“It’s a corrupt system, and it makes people corrupt even if they aren’t by nature,” said the president. “It’s too easy. They want to find out how many votes they need, and then they seem to be able to find them. They wait and wait, and then they find them.”
While the Trump campaign has noticeably failed to deliver any tangible evidence of such voter fraud as yet, that does not change the shocking possibility of it happening amid a system ripe for exploitation. The loophole certainly exists; we just do not know if anybody took advantage of it.
Accordingly, my point is that the very existence of these nefarious tactics – indeed, the mere possibility of illegal scheming – is a major threat to democracy. And just because Donald Trump articulated the theory does not mean it should be instantly discarded as a nut-job conspiracy.
How delayed vote tabulation incites violence and encourages corruption
The absurdity of real-time scorekeeping in elections also feeds into this conundrum. By drip-feeding results in a staggered fashion, updating scoreboards like Wall Street tickers, the news channels ferment frustration that erupts with volcanic force. This is not the 1919 World Series, when a giant board was erected in Times Square so people could keep abreast of developments between the Chicago White Sox and Cincinnati Reds. This is a presidential election, and to make seismic changes based on convoluted projections, beamed around the globe instantaneously, is folly of the highest order.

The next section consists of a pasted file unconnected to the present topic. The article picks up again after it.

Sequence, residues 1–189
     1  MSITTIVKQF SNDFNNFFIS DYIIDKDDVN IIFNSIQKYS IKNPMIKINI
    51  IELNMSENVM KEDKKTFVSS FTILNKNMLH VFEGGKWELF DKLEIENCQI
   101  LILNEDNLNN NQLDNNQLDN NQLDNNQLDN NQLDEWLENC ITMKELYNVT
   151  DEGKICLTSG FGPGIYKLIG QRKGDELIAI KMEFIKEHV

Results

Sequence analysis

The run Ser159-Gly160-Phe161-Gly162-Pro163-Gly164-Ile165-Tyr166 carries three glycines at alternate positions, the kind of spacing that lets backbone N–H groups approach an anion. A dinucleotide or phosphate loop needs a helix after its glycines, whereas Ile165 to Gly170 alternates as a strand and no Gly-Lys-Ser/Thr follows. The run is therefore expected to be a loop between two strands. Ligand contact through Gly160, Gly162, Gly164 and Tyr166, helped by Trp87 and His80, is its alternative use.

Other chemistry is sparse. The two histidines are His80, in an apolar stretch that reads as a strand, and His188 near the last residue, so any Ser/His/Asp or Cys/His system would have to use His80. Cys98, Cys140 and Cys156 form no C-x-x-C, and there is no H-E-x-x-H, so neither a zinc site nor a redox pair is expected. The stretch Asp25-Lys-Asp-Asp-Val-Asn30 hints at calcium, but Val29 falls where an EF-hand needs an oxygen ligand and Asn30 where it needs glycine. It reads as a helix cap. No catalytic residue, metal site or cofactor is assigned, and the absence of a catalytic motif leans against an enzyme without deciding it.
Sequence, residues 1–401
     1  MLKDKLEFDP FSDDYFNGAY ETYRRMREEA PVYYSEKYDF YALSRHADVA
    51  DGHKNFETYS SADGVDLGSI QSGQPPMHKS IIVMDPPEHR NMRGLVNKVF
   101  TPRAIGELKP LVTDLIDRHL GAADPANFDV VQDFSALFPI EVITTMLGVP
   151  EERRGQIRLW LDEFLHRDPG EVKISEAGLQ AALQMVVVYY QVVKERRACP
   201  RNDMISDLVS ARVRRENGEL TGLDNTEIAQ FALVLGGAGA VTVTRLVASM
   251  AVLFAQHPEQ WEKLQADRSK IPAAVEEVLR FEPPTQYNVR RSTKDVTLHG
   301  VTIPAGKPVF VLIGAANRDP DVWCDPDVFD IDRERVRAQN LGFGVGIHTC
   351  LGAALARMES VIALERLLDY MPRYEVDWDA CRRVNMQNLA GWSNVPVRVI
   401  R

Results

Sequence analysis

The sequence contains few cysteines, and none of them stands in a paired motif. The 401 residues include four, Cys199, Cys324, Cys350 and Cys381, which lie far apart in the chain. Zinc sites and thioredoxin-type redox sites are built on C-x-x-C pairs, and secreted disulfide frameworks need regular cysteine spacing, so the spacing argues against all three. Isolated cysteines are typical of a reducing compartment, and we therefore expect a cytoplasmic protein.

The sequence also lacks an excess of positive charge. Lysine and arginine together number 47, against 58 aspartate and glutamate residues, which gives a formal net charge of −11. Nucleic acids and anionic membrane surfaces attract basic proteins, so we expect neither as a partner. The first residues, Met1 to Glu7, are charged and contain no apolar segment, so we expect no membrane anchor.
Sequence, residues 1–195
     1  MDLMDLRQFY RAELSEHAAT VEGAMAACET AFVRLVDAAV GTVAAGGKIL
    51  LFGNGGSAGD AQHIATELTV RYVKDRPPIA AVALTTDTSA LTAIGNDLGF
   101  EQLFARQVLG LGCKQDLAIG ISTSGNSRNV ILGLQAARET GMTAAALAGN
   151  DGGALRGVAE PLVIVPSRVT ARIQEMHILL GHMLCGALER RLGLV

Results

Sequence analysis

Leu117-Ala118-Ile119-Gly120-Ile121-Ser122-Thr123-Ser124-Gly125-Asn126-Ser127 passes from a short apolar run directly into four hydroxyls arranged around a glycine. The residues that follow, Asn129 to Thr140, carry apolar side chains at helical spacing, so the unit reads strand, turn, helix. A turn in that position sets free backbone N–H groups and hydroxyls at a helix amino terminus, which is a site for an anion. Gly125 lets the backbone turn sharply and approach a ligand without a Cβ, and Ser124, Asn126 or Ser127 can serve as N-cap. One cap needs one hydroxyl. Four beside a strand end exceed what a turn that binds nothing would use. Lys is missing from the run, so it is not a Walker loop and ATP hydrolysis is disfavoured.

Yes, individual precincts and counties should record their vote tallies, but the whirring tabulation is a vector of anger and resentment. We hear a lot about warring factions on either side of the political divide, from Antifa to the alt-right, but the same networks that condemn public unrest stoke the undergirding alienation by live-tweeting the degradation of candidates and their ideals. The double standard is nothing short of scandalous.
Similarly, the hypocrisy of Democrat functionaries campaigning for every vote to be counted yet celebrating perceived success based on drip-fed projections is uncanny. They accuse president Trump of wanting the election to be stopped while he was ahead in the count, but they themselves have declared the contest over when there are still votes to be counted and legal challenges to be heard. That is the literal definition of hypocrisy.
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Regardless of illogical formats and nonsensical deadlines, even the very process of counting votes is painfully anachronistic. In 2020, are we really still using paper ballots? Are we really still relying on a flawed postal service? Our lives are governed by mobile phone apps, allowing us to order food and adjust air conditioning on the fly, but when it comes to the most important processes of western democracy, we still need to draw crosses in boxes with actual ink? Surely there is a far easier – and fairer – way of doing things than ferrying around crates of paper ballots.